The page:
Note from Evolve: Arran’s piece for this month provides us with a wonderful and moving example of the way that your practice can help you work through physical and emotional trauma. We are grateful for the opportunity to share it with you.
My memories of adolescence are punctuated by visits to the emergency room. With severe, out-of-control asthma I navigated the world doubled over, sucking air through a straw-thin airway, struggling through sweat and tears to pull in each precious breath. I was an aspiring nordic ski racer but most races ended well before the finish line, the cold air blistering my mangled lungs.
At 16 my doctor recommended yoga to learn self-soothing through the scariest moments of an attack. I signed up for a class and grabbed on as though it were a life preserver thrown into choppy water. I learned to find little pockets of un-inflamed tissue and channeled the air into those spaces. Soon I not only finished ski races, but finished well. My arsenal of inhalers was never far away but the attacks were fewer, less severe, and became something I could confront at as they happened–with faith that I would get through it.
Six years later I completed my teacher training in Stellenbosch, South Africa. For me, yoga had been about breathing. Sharing it with others revealed the myriad manifestations it could have. I taught from Ljubljana, Slovenia to Igiugig, Alaska, always in awe of how it delivered people right to the doorstep of what they sought.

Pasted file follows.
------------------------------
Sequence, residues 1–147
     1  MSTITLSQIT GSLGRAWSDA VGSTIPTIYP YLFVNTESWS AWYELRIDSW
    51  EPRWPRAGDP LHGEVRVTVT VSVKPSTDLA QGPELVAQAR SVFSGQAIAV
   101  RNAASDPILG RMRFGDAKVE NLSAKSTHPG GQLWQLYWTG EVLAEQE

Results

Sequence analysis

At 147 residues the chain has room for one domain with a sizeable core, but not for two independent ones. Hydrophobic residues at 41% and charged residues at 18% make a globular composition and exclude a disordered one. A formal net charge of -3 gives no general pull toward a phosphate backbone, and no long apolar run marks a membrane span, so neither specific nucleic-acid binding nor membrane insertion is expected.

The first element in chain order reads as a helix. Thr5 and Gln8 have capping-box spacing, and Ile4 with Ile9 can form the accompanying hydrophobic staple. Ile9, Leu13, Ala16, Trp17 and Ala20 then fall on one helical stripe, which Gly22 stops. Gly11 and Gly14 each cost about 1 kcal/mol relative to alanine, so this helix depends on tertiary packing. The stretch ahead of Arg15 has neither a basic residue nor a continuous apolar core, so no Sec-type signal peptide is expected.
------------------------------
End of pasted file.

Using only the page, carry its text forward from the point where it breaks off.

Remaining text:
One December I was driving to Seward to visit my family when my tires lost contact with the ground. A patch of black ice threw my car into a spin. It was eerie at first, like floating. I corrected the wheel and stayed calm, doing everything I was taught. But the red 18-wheeler is forever imprinted on my mind. Impact was inevitable. Within inches of the massive truck I realized that my life had been so careful and deliberate, but in this one defining and cataclysmic moment, there was nothing I could do. It lasted just a split second but the world slowed to a meditative crawl. The last thing I remember is telling myself, take a breath and engage your core. Then nothing.
I survived. Here I am. But the person who woke up upside-down in the car and pinned against the cliffs at Beluga Point was fundamentally different from the person who had set out on the highway earlier that day. My recovery from the physical injuries is wholly a miracle but the trauma left a gash across my psyche that I work every day to heal. For years yoga became a dangerous endeavor. Closing my eyes to find that quiet, peaceful space–perched on the edge of my eyelids was the semi-truck, the shattering windshield, the ambulances–each image waiting to pounce and suffocate. The flashbacks destroyed my yoga practice for a long time.
This studio brought me back. It combines intensity and introspectiveness with a light-heartedness and humor that I needed to ease back into a healthy routine. I grieve my old-yogic self, but now embrace that as another evolution of my practice. I can breathe, I can engage my core, and when those familiar instincts take over—a racing heart as I wheeze over the vice grips on my lungs, or the pitted stomach as I drive past Milepost 109—yoga taps me on the shoulder. It reminds me that unknotting tightly-held memories is slow and careful work. Sometimes I can retrieve only wispy threads, and sometimes it’s whole heaps of braided fishing line. But in those knots that I once so feared I find intentionality, calm, and even joy.